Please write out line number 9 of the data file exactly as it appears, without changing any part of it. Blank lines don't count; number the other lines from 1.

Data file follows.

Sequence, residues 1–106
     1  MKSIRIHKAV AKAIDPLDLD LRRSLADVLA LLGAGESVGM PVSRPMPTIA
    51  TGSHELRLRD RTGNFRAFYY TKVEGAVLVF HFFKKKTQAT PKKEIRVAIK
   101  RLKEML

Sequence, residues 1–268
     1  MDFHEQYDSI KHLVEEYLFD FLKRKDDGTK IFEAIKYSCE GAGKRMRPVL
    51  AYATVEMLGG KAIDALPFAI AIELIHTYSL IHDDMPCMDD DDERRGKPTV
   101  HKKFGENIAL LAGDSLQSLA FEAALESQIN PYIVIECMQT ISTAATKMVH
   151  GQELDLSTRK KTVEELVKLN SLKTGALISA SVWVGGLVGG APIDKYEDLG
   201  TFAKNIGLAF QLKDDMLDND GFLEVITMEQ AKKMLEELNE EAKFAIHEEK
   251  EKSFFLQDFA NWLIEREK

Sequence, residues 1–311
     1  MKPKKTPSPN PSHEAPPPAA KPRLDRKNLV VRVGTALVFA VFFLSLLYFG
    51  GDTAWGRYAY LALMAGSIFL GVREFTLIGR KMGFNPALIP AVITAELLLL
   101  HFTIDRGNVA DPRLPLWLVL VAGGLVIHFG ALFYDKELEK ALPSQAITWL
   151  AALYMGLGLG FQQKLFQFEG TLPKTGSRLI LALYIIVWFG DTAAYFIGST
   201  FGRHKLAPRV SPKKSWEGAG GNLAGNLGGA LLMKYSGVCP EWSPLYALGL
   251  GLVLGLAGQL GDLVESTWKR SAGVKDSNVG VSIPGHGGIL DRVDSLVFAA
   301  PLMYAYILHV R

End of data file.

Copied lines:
   151  GQELDLSTRK KTVEELVKLN SLKTGALISA SVWVGGLVGG APIDKYEDLG